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Market Spotlight: SPACs seek to regain stellar reputation

April 25, 2022 | Blog

As sci-fi movie buffs know, the light that burns twice as bright burns half as long. And 2021 was the year that special purpose acquisition companies (SPACs) went supernova for investors. But now that flame of interest is flickering lower.

SPACs have actually been around since the 1990s, but last year saw the first real explosion of SPAC-related deal activity. Now, just as abruptly, SPAC IPOs have fallen off. According to figures from Dealogic, a sister organization to Mergermarket, just 63 SPACs floated in Q1 of this year, representing a decline of more than 80% from the same period in 2021. The volume and scale of de-SPAC mergers has likewise waned, falling to 32 in Q1.

63 SPACs floated in Q1 2022, representing a decline of more than 80% from the same period in 2021

What’s behind this apparent burn-out? It’s likely that a frothy post-crisis market in 2021, coupled with overly-rosy valuations, led many SPACs to fall short of their own lofty forecasts. Evidently, the shine has come off in the eyes of sponsors, and regulators are already closely involved.

That said, SPACs aren’t going away. In fact, closer scrutiny may be just what they need to recover their twinkle. The US Securities and Exchange Commission (SEC) is more than happy to oblige. Under Gary Gensler, who was appointed chairman in April 2021, the SEC is taking swift steps to rein in valuations and put more power in investors’ hands. In March the regulator voted in favor of proposals to make disclosure requirements stricter for SPAC sponsors.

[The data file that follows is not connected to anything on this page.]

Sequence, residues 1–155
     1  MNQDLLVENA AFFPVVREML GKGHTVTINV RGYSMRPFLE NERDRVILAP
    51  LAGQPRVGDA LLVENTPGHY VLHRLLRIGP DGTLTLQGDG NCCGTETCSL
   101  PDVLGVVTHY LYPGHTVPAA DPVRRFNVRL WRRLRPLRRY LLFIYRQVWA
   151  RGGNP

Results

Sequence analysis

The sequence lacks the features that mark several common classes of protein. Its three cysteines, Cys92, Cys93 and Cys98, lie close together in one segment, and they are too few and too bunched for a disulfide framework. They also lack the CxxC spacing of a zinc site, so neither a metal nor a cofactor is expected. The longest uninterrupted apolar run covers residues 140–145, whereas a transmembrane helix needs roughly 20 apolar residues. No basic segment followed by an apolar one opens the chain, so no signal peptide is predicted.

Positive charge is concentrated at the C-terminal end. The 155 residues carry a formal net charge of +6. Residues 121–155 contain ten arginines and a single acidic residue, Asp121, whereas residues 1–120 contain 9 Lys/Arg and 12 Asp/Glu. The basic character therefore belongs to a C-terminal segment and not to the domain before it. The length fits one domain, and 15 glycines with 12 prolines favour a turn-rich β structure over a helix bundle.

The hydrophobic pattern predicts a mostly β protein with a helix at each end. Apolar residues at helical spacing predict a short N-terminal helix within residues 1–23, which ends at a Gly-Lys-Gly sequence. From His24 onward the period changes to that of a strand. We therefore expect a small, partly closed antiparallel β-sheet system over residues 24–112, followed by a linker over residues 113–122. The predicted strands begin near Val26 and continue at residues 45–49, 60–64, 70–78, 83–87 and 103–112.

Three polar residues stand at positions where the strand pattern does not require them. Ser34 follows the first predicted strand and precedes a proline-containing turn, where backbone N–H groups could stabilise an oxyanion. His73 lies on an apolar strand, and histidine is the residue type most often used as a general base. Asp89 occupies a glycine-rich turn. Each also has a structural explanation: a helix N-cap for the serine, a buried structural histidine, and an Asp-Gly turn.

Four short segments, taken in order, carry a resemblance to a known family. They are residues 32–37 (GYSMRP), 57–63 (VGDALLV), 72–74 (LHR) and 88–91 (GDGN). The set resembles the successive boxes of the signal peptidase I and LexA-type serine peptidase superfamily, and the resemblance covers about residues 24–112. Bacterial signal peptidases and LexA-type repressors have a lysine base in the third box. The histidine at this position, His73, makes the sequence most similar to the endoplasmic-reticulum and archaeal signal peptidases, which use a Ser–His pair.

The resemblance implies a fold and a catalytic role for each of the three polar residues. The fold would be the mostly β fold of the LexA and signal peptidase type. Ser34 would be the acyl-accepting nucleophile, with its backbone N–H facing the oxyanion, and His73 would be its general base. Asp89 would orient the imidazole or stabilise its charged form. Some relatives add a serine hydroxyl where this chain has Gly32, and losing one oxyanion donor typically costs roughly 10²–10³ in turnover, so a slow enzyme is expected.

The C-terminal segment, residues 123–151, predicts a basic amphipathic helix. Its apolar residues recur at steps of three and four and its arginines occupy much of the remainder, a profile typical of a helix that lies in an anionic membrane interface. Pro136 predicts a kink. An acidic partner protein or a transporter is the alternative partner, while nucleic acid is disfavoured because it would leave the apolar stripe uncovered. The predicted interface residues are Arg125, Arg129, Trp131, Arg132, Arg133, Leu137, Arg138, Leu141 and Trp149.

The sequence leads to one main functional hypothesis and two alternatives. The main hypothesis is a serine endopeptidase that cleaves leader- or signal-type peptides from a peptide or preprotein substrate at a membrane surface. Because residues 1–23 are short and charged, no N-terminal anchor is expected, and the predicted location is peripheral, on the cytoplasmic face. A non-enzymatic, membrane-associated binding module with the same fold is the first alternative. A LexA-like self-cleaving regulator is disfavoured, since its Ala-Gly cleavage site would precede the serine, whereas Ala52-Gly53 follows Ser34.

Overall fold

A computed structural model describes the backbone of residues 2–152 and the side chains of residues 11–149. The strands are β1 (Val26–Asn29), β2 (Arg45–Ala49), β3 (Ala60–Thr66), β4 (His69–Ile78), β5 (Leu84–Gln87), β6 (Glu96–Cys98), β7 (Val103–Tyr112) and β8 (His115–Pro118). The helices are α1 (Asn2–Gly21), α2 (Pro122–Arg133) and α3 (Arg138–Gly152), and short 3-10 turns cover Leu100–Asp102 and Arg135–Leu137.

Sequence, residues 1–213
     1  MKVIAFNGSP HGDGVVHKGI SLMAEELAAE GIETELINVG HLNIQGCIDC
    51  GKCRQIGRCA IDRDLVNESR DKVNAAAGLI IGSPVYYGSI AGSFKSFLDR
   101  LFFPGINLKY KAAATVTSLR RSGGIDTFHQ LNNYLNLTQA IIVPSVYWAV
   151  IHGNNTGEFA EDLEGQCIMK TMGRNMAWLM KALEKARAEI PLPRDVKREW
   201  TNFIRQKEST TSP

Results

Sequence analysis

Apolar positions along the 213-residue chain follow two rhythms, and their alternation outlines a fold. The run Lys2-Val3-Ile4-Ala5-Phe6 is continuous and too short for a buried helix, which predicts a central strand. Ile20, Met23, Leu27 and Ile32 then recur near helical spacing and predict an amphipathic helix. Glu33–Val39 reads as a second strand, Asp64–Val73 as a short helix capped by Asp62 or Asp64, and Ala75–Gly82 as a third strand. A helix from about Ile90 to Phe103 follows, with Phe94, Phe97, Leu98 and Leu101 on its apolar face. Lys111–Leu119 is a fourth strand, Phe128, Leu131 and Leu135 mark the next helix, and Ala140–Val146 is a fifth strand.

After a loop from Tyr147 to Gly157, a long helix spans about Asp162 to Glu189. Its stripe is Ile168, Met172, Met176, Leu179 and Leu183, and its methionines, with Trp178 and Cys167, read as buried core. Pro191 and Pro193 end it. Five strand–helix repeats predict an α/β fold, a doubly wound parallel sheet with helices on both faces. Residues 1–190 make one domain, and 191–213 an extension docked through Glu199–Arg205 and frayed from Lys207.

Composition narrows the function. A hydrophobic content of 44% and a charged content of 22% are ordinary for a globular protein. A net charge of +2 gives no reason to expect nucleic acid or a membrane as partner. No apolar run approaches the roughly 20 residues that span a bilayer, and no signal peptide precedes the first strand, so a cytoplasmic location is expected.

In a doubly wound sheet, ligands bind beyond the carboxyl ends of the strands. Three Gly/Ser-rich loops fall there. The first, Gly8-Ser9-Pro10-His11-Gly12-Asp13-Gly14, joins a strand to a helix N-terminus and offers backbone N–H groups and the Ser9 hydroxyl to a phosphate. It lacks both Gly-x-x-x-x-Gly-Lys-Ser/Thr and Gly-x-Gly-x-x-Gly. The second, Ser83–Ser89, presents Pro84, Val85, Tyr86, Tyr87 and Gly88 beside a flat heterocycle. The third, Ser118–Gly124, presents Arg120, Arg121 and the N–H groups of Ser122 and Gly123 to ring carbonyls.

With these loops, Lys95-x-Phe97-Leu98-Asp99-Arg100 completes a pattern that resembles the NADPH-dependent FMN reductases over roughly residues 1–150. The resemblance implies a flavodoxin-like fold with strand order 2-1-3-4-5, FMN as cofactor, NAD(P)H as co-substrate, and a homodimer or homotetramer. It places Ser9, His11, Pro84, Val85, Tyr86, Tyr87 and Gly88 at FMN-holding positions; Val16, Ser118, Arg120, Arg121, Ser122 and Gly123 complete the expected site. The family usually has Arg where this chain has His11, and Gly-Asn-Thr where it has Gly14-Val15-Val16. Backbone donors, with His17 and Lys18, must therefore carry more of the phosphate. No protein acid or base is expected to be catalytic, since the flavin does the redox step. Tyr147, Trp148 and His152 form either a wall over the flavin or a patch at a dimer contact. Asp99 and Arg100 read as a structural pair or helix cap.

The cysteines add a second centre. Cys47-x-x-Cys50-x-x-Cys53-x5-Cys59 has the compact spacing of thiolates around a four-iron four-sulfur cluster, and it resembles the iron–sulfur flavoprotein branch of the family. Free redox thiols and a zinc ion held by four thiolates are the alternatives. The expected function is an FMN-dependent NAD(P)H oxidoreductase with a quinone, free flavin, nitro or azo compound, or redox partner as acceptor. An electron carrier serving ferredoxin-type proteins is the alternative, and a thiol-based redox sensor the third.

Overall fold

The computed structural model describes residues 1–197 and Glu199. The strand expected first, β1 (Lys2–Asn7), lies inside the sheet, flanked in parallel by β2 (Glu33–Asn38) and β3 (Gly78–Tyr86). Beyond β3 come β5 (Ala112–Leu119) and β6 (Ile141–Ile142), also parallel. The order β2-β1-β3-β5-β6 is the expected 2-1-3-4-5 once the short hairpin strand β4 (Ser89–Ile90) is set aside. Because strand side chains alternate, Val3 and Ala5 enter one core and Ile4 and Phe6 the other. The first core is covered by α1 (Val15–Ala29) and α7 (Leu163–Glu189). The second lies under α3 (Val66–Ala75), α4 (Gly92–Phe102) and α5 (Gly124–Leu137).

Gary said, ‘Investors deserve the protections they receive from traditional IPOs, with respect to information asymmetries, frauds and conflicts.’ If the proposals are enacted, the new rules will open up SPACs to potential lawsuits relating to their overly optimistic projections. According to Cornerstone Research, investors in the US brought 33 securities class action lawsuits against SPACs in 2021, and a further eight were filed in Q1 of this year.

Investors deserve the protections they receive from traditional IPOs, with respect to information asymmetries, frauds and conflicts.

Gary Gensler
Chairman, US SEC

With their reputation already dented and litigation risk likely to rise, SPACs can’t afford but to buy in wholeheartedly to the SEC’s agenda. Ultimately, it will be to their benefit. The feeding frenzy of 2021 couldn’t last forever – but then again, what does?

Meanwhile the challenges of a SPAC IPO remain, such as tight timelines, rounds of regulatory approvals, and deeper due diligence, all of which can cause deal team fatigue. Using the right data room and tools can mitigate much of this pressure. If you’re contemplating this route, find out how Datasite can help with SPAC transactions.

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